Farewell, Kenzo Takada!

Among the thousands of beautiful souls claimed by the coronavirus pandemic, one of the most recent in the world of fashion is the prolific designer, Kenzo Takada. He passed away in Paris on 4 October at the age of 81. Kenzo Takada was undoubtedly the most famous Japanese designer who brought Japanese culture and design to the international fashion landscape. He was not just loved for his colorful, free-spirited designs but also for his upbeat energy, his humble personality, and his contagious smile.

Remembering Kenzo Takada
Editorial credit: Vitaliy Hrabar / Shutterstock.com

How It All Began?

Kenzo Takada was born in Himeji, Japan, in 1940. He attended the distinguished Bunka Fashion College in Tokyo, where he was one of the first few male students. In 1960, he won the prestigious Seon prize for his exemplary talent in fashion and subsequently started working as a designer for girls’ clothes in a department store. However, his deep interest in fabrics, designing, and fashion left him wanting more.

So, when he was given ten months’ rent as compensation for tearing down his apartment in preparation for the forthcoming Tokyo Olympics, he immediately leaped at the opportunity. Crossing the heartlands of China, India, and Africa, Kenzo Takada traveled to Paris in 1964.

There he started sketching and selling his designs to the likes of French designer, Louis Féraud. He also worked in several department stores for a few years. And finally, in 1970, he opened his first boutique in Paris and named it Jungle Jap. The boutique was a visual feast, painted in exotic tropical illustrations inspired by the famous French artist, Henri Rousseau. Located at Galerie Vivienne, this boutique also became the venue of his first-ever show presented in the Spring of 1970.

Remembering Kenzo Takada
Galerie Vivienne was the location of Takada’s first boutique, Jungle Jap. It’s a long, enclosed shopping arcade that still houses several high-end boutiques.

Although used with the intention of associating the word with a positive identity, the slur Jap was not taken well by the American community. Hence, Takada was compelled to rename his label due to this contention, and thus Kenzo was born. In the coming years, success came flowing for the designer. From his designs being featured in American Vogue in 1971 to starting a menswear line in 1983, Takada was soon a prominent figure in the fashion industry.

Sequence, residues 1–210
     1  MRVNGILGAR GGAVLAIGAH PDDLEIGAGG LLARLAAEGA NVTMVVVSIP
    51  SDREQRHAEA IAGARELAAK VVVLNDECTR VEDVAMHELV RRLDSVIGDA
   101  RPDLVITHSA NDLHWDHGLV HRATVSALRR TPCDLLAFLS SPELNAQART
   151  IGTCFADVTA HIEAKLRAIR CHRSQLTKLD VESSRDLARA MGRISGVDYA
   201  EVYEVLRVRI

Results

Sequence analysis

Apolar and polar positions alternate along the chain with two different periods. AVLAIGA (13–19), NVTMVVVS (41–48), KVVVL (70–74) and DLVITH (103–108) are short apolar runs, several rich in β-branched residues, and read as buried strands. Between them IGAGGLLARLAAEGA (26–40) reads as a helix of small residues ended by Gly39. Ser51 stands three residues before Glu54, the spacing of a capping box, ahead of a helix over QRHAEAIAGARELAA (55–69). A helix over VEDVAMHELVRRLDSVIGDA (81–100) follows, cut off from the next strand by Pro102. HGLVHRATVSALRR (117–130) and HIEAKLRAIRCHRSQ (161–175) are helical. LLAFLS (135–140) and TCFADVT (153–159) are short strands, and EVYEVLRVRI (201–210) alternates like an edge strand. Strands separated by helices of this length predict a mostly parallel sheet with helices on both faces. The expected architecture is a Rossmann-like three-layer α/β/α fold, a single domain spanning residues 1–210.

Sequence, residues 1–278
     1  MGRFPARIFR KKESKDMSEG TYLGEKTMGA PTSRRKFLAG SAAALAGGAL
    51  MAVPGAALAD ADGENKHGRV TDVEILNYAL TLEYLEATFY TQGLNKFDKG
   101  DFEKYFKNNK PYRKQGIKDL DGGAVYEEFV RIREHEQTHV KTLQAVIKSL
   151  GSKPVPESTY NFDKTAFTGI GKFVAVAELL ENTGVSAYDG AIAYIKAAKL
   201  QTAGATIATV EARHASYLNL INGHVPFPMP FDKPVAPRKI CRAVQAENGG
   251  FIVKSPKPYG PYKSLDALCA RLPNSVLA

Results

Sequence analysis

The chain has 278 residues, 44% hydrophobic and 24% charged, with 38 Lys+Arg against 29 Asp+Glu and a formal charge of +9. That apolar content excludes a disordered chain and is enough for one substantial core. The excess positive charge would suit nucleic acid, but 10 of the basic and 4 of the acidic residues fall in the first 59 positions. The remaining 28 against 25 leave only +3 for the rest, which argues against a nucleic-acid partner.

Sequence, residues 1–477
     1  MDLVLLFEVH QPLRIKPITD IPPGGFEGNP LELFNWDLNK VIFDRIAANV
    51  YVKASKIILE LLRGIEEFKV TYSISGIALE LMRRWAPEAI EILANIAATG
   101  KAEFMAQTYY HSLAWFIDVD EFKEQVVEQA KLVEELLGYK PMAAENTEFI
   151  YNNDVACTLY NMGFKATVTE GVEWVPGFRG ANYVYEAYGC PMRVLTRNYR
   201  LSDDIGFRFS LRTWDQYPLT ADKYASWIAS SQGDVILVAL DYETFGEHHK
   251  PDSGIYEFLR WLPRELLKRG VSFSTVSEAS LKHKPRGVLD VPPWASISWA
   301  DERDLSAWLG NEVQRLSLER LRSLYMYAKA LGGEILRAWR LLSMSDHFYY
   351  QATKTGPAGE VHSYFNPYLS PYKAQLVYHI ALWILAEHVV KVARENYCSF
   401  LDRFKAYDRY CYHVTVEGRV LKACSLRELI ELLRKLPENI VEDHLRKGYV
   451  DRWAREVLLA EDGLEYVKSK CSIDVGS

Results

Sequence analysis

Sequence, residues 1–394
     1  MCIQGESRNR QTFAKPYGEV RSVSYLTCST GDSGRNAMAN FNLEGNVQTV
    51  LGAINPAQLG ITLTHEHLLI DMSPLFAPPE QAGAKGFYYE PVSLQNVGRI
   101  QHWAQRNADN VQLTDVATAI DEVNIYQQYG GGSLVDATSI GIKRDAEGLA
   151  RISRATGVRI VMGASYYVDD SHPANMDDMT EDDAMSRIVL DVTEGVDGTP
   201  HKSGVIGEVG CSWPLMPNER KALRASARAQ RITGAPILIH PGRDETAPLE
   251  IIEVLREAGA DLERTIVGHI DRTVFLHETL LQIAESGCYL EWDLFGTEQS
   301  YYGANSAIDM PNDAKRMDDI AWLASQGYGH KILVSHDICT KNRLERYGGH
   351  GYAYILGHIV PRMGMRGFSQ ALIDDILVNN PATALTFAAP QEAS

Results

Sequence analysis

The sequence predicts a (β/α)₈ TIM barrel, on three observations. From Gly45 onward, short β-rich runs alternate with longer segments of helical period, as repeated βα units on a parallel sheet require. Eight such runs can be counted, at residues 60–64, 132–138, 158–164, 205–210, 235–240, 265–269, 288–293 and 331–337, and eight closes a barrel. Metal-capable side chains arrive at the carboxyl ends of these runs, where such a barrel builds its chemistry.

Why Kenzo became an instant hit?

Kenzo Takada’s designs were a fascinating contrast to everything that Paris had witnessed until his arrival. An artistic departure from couture, creations by Kenzo didn’t just look good on the runway but held high relevance off it as well. Takada subtly rejected the then preferred streamlined silhouettes and tailored suits in favor of free-flowing smock dresses, oversized dungarees, and relaxed separates. In a way, Kenzo was among the first few houses that pioneered pret-a-porter. 

Best described as a beautiful hybrid of orient and occident styles, creations by Kenzo were vibrant, dramatic, and whimsical. They were characterized by colorful patterns, fanciful prints. and voluminous silhouettes that kindle a sense of freedom. And equally theatrical were the fashion shows hosted by Takada. Exuberant settings with lots of models, including the iconic French beauty Inès de la Fressange.

This nonconformity and fashion insurgence attracted the attention of people, and soon Kenzo creations were spotted on everybody, from fashion girls to models.

LVMH’s Entrance and Kenzo Takada’s Exit

Kenzo Takada was exceptionally talented. In addition to apparel, his creativity and ingenious ideas found inspiring manifestations in his perfume line launched first in 1988 and later in his homeware brand, K3. 

In 1993, Takada sold his brand Kenzo to the French conglomerate LVMH. Later, he ultimately retired in 1999, leaving the reins of the brand in the hands of his trusted assistants, Gilles Rosier and Roy Krejberg. 

Remembering Kenzo Takada
The Tiger motif resurrected from Takada’s archive by co-creative directors, Humberto Leon and Carol Lim in 2011 is now a signature element of the house found across creations.

Explore Kenzo Takada’s Exoticism Through TLC’s Lens

In an attempt to celebrate Takada’s cheerful personality and his trailblazing fashion career, we have enlisted below a few pieces from the brand. These creations perfectly exhibit that the brand even today strongly upholds the signature romanticism and off-beat style of its iconic founder. 

Each of these creations is characterized by a unique, deconstructed silhouette, an eye-popping color palette, quirky and eccentric patterns, prints, rich fabrics, and flawless tailoring. Attributes that are quintessentially Kenzo

Finally, Kenzo Takada was a front runner in more ways than one. He decided to make a career in fashion when it was primarily a women-oriented industry in Japan. He braved and subsequently made it big in the fashion capital, Paris, despite being an outsider. With his choices, Takada always chased the impossible. His incredible success inspired many other Japanese designers who traveled West to find their voice in this mammoth world of fashion. Amongst many who followed his suit were also big names like Yohji Yamamoto and Rei Kawakubo. 

He will always be remembered for his visionary work and the fascinating legacy he has left behind! 

Farewell, Kenzo Takada! 

Neelma Tiwari

Fashion Content Executive

Having an affinity for writing about anything that spells Fashion, Neelma likes to infuse figurative expressions in her work as it gives her an opportunity to represent things in a unique light. A reader and a rover, collecting imperfection to create something perfect is her way of doing life!

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